Fishermen not only catch what they are interested in or authorised to fish. The unwanted part of their catches is discarded back at sea, often dead. This is seen by many as an unacceptable waste of resources.
The importance of discards varies but in some fisheries, it can be very large. Discarding practices at sea are difficult to monitor. Reducing discards implies avoiding the catching of unwanted fish in the first place.
Under the Common Fisheries Policy (CFP), fishermen are prohibited from keeping fish of commercial stocks caught in contravention to some rules (notably fish which are too small or for which fishermen have no quota). In 2011, the Commission proposed a U-turn on this policy of discard-inducing rules. As part of reforming the CFP, it is envisaged to require fishermen to land all their catches of dozens of commercial stocks.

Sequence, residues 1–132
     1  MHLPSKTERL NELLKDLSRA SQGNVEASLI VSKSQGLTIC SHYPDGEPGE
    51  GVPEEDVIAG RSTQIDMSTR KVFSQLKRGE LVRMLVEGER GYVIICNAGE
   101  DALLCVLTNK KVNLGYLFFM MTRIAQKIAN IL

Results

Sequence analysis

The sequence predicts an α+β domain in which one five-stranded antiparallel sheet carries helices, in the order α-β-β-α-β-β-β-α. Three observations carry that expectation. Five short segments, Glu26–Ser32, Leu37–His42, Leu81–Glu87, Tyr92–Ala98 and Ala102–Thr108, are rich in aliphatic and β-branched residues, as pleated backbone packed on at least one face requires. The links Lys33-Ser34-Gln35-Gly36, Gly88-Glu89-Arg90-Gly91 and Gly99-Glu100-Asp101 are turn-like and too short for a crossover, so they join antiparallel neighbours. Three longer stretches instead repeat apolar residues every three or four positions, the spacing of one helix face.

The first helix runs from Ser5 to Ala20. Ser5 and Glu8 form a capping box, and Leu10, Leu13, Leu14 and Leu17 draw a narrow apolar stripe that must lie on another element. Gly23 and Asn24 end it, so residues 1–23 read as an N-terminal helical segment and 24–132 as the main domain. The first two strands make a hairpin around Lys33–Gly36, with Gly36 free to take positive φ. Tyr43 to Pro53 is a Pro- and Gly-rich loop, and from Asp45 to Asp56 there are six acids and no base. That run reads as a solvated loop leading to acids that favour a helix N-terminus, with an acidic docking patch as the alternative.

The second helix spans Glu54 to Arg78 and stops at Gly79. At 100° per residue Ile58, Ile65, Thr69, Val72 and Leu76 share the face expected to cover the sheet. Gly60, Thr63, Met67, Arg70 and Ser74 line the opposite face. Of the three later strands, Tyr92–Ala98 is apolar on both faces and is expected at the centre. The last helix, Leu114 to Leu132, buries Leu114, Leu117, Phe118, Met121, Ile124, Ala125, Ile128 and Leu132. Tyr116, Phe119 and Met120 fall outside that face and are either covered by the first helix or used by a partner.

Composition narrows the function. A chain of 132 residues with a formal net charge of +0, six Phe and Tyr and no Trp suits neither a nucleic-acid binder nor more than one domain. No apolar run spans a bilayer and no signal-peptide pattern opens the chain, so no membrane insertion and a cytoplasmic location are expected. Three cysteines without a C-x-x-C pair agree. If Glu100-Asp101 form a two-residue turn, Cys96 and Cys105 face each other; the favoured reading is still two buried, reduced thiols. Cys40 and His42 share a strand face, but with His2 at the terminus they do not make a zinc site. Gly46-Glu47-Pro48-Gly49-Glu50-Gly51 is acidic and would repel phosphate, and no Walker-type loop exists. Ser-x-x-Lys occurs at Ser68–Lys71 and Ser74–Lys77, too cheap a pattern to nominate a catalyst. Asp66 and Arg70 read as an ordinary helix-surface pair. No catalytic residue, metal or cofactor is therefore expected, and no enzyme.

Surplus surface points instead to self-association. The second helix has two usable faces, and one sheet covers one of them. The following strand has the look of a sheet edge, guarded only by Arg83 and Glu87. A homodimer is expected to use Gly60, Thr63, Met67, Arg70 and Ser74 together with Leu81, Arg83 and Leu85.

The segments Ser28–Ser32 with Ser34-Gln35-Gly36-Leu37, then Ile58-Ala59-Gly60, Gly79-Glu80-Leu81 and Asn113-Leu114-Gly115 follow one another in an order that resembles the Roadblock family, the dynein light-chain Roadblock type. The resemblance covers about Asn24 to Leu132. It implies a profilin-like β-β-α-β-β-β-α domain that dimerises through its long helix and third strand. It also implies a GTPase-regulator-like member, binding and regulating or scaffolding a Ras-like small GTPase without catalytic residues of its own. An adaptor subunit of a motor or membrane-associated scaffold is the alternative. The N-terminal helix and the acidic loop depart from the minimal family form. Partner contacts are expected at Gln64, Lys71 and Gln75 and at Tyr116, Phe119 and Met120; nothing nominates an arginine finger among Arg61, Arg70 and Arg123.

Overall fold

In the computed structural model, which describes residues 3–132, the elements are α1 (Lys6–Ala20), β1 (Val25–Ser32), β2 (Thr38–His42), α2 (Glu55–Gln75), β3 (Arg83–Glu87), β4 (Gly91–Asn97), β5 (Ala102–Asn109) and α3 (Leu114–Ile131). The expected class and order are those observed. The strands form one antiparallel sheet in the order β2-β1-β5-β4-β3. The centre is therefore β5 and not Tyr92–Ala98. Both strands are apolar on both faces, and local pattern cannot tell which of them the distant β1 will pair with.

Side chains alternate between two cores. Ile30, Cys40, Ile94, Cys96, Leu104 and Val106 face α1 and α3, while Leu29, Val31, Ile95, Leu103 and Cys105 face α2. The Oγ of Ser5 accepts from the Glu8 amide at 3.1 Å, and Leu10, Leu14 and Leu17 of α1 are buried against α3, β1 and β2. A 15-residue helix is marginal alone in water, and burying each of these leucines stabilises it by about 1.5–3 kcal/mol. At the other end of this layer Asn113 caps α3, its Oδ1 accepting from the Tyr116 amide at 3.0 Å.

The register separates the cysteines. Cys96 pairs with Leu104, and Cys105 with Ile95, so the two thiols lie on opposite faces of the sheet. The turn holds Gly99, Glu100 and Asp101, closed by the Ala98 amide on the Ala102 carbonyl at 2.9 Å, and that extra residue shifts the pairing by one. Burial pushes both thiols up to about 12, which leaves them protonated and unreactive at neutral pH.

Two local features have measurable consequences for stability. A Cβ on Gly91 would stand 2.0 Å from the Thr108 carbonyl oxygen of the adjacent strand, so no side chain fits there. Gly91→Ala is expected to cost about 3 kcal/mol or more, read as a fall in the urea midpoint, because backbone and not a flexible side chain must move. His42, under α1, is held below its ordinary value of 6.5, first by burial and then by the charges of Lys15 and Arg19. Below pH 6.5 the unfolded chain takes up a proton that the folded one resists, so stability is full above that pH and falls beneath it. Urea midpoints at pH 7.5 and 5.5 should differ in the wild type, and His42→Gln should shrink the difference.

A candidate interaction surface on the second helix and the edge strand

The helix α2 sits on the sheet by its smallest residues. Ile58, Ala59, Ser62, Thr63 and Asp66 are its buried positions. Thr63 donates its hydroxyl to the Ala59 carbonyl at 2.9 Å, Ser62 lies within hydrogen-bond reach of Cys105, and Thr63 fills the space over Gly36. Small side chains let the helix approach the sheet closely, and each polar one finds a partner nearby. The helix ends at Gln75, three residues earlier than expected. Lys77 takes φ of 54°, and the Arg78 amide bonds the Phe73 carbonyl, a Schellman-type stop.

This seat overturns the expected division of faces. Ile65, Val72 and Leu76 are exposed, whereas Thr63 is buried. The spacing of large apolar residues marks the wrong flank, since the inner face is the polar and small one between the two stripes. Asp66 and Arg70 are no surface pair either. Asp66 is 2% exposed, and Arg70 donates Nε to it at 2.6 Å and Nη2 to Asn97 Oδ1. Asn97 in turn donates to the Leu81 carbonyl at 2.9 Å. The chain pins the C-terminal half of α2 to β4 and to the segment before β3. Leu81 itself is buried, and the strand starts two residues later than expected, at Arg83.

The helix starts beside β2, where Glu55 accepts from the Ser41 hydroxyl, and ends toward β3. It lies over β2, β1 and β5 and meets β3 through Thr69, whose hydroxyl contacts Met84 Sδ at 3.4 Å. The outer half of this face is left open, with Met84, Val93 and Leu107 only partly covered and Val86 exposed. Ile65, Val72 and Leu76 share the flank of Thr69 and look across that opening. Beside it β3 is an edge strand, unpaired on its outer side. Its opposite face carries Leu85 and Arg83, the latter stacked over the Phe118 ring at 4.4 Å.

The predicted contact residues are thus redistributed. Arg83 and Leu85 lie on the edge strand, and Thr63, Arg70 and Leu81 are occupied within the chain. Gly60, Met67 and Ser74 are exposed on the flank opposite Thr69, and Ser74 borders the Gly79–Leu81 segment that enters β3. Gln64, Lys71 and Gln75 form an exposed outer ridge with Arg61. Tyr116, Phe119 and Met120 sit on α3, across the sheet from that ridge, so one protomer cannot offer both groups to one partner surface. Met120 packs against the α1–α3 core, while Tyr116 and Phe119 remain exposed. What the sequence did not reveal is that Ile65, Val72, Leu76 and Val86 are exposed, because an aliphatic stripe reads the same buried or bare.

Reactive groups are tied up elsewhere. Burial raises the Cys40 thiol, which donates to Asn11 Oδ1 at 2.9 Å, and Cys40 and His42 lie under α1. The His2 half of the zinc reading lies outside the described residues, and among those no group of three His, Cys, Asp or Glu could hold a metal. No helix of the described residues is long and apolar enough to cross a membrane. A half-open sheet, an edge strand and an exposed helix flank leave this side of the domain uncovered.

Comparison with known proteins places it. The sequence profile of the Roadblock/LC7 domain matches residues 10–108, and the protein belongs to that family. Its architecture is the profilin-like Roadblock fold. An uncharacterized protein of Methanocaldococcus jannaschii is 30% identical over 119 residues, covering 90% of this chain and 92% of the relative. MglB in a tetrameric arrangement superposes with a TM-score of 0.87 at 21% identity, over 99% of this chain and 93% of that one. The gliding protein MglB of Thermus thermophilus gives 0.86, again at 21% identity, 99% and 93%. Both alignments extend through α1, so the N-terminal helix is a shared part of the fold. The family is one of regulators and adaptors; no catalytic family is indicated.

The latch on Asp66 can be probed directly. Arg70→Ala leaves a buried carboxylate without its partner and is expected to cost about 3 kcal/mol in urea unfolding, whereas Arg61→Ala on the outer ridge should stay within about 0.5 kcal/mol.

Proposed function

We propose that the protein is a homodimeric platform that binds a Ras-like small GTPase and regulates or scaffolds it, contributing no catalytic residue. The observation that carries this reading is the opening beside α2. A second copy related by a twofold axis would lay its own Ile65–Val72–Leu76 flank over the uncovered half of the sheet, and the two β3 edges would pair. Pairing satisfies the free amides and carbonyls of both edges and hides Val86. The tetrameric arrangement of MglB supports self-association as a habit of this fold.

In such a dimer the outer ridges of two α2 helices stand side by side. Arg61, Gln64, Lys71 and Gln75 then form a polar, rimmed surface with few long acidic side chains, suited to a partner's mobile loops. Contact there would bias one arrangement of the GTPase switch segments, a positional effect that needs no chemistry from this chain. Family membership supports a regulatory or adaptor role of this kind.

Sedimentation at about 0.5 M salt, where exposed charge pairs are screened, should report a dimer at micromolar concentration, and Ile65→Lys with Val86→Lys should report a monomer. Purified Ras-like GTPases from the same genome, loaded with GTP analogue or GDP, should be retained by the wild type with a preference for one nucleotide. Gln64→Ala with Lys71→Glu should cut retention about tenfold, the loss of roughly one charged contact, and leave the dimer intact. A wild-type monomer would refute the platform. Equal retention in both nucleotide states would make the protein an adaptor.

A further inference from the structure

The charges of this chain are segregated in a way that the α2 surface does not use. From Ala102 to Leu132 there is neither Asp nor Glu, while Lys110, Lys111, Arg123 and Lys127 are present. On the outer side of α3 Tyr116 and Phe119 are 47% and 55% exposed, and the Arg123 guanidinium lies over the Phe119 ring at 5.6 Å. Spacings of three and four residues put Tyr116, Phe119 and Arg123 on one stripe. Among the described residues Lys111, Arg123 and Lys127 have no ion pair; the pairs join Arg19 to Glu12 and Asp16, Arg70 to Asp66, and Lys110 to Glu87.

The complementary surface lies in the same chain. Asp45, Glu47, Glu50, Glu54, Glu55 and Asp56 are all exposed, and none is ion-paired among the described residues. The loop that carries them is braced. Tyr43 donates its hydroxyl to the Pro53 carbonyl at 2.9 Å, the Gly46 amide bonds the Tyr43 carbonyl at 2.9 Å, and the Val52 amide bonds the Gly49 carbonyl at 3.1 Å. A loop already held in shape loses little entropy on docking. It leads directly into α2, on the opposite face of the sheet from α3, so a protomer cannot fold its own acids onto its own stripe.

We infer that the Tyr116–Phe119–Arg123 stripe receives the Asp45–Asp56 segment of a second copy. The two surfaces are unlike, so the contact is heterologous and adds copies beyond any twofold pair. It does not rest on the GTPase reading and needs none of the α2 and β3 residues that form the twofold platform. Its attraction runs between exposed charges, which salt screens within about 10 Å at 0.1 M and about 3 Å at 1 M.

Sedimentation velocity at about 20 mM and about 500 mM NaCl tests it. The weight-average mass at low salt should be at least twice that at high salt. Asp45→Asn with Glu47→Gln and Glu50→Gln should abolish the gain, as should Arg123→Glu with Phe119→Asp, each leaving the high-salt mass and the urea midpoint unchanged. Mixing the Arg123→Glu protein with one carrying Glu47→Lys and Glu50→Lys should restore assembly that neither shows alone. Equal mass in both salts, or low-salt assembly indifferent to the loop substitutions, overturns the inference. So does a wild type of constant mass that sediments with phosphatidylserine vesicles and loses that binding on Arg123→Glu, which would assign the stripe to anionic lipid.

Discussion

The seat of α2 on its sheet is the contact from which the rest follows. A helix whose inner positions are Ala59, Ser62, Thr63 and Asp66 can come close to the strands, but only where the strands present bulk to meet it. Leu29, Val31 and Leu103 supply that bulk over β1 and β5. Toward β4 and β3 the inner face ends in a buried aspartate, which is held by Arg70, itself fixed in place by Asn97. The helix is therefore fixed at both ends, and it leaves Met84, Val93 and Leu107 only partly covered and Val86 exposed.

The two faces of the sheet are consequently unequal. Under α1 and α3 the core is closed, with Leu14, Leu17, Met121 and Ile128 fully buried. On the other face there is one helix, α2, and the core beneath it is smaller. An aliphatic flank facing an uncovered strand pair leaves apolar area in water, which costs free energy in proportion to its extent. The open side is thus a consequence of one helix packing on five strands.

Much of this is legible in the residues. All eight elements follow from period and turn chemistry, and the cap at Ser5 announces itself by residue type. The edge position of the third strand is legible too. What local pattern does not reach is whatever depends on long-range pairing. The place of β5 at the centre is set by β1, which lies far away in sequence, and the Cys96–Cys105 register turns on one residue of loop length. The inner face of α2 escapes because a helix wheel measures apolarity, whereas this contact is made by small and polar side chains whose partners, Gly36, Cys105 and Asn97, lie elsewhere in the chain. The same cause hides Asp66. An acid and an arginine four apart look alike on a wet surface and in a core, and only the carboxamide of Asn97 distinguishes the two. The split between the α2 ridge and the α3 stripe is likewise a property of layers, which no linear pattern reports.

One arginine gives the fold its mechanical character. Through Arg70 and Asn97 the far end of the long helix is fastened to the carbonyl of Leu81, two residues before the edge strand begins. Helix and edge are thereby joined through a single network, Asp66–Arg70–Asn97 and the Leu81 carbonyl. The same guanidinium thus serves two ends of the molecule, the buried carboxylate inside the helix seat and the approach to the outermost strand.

There is general consensus on the need to address discards, but the practicalities of a wide discard ban triggers debate, notably in view of the diversity of EU fisheries. Requiring the landing of all fish caught also needs consideration of other fisheries measures, notably the use of landed fish, the ways to limit catches, and controls.
The European Parliament and the Council have to decide on how to address the discard problem throughout the reformed CFP.